Where am I in the Story?, John 20:1-18

A sermon delivered on Easter Sunday, April 4, 2021 by the Rev. Patrick H. Wrisley, D.Min.

Friends, as we listen to the Gospel account in John, I want you to be asking yourself, “Where am I in the midst of this Story?” Listen to the Word of the Lord!

John 20:1-18

20.1 Early on the first day of the week, while it was still dark, Mary Magdalene came to the tomb and saw that the stone had been removed from the tomb. 2So she ran and went to Simon Peter and the other disciple, the one whom Jesus loved, and said to them, “They have taken the Lord out of the tomb, and we do not know where they have laid him.” 3Then Peter and the other disciple set out and went toward the tomb. 4The two were running together, but the other disciple outran Peter and reached the tomb first. 5He bent down to look in and saw the linen wrappings lying there, but he did not go in. 6Then Simon Peter came, following him, and went into the tomb. He saw the linen wrappings lying there, 7and the cloth that had been on Jesus’ head, not lying with the linen wrappings but rolled up in a place by itself. 8Then the other disciple, who reached the tomb first, also went in, and he saw and believed; 9for as yet they did not understand the scripture, that he must rise from the dead. 10Then the disciples returned to their homes.

11But Mary stood weeping outside the tomb. As she wept, she bent over to look into the tomb; 12and she saw two angels in white, sitting where the body of Jesus had been lying, one at the head and the other at the feet. 13They said to her, “Woman, why are you weeping?” She said to them, “They have taken away my Lord, and I do not know where they have laid him.” 14When she had said this, she turned around and saw Jesus standing there, but she did not know that it was Jesus. 15Jesus said to her, “Woman, why are you weeping? Whom are you looking for?” Supposing him to be the gardener, she said to him, “Sir, if you have carried him away, tell me where you have laid him, and I will take him away.” 16Jesus said to her, “Mary!” She turned and said to him in Hebrew, “Rabbouni!” (which means Teacher). 17Jesus said to her, “Do not hold on to me, because I have not yet ascended to the Father. But go to my brothers and say to them, ‘I am ascending to my Father and your Father, to my God and your God.’” 18Mary Magdalene went and announced to the disciples, “I have seen the Lord”; and she told them that he had said these things to her.[1]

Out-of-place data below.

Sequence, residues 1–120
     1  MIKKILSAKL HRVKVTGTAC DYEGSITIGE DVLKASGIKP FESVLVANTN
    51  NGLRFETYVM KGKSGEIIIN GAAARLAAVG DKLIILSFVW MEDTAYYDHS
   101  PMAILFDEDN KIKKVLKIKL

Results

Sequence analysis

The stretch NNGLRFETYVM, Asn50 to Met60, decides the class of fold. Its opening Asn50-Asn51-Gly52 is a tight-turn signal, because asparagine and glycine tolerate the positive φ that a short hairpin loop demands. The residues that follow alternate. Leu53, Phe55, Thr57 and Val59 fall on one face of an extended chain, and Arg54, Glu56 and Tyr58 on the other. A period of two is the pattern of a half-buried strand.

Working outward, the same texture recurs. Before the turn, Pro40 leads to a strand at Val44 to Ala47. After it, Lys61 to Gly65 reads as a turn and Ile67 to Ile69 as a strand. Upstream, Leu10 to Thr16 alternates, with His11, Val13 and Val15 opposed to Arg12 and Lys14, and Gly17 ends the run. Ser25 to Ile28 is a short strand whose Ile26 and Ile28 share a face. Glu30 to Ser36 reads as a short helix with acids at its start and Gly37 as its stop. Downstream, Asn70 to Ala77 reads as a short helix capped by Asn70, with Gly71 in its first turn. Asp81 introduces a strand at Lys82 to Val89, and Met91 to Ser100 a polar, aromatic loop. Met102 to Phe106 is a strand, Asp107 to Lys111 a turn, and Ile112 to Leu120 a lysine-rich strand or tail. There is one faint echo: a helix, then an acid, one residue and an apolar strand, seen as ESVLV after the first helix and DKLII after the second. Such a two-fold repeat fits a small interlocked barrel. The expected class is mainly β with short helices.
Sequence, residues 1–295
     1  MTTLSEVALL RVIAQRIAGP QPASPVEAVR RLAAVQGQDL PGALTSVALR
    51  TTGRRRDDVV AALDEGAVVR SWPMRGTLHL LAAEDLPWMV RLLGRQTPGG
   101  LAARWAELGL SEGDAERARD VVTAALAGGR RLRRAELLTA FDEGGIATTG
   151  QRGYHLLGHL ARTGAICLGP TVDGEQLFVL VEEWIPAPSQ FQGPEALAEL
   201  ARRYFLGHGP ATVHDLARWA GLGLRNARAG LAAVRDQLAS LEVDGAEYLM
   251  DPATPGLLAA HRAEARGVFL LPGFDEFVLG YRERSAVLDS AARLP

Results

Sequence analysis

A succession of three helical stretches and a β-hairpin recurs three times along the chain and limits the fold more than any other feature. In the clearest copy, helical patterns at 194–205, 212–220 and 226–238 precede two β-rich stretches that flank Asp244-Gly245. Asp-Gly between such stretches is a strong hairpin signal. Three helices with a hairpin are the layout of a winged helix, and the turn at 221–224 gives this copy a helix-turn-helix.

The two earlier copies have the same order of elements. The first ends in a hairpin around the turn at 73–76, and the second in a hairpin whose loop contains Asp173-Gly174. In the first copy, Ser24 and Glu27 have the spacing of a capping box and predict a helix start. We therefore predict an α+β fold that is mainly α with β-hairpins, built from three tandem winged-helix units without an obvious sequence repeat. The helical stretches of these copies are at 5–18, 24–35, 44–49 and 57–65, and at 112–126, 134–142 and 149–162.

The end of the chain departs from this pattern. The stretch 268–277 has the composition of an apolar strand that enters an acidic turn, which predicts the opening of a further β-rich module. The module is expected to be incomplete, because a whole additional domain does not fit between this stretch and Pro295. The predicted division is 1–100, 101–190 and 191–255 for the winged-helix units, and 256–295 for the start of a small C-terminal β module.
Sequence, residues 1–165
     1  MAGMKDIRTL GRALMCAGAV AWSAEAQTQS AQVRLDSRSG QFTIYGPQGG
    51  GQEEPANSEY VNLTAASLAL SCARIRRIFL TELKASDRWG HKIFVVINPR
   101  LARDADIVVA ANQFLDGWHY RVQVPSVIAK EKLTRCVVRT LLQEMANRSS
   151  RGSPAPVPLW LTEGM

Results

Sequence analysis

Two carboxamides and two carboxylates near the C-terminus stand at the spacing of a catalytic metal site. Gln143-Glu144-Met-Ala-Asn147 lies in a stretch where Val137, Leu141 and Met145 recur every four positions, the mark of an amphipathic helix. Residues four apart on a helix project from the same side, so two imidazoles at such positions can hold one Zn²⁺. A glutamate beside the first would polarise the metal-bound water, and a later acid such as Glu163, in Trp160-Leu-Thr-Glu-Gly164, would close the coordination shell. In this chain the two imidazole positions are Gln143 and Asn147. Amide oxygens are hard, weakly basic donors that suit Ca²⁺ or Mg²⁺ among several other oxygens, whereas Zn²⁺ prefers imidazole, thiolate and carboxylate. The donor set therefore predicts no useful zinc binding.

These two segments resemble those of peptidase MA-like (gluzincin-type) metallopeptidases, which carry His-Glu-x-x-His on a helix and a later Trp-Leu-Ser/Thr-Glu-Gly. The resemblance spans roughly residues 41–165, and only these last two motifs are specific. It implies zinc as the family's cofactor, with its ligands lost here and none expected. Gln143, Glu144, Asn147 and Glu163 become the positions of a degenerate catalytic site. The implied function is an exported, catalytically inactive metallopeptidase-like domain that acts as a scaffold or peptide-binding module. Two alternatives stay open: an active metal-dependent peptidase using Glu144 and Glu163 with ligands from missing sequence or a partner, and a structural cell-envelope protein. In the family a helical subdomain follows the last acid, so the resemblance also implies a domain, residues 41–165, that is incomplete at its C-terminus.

Two years ago today.  That was the last time we were gathered together on this lawn. Two years ago. A lot has happened since we last gathered for Easter together, hasn’t it?  What’s gone on in your life? Since the last time we’ve met on Easter morning, I have lost my dad to COVID and my mother to cancer; indeed, many of us have lost someone since then.  Some of you have welcomed one, even two new children to your family. Others of you have experienced strokes or heart attacks and have fought your way back to health. Then there are those of you who have lost their jobs and have been rehired while others are still waiting for work. Think about the changes your life has undergone since the last time we gathered together here for Easter two years ago.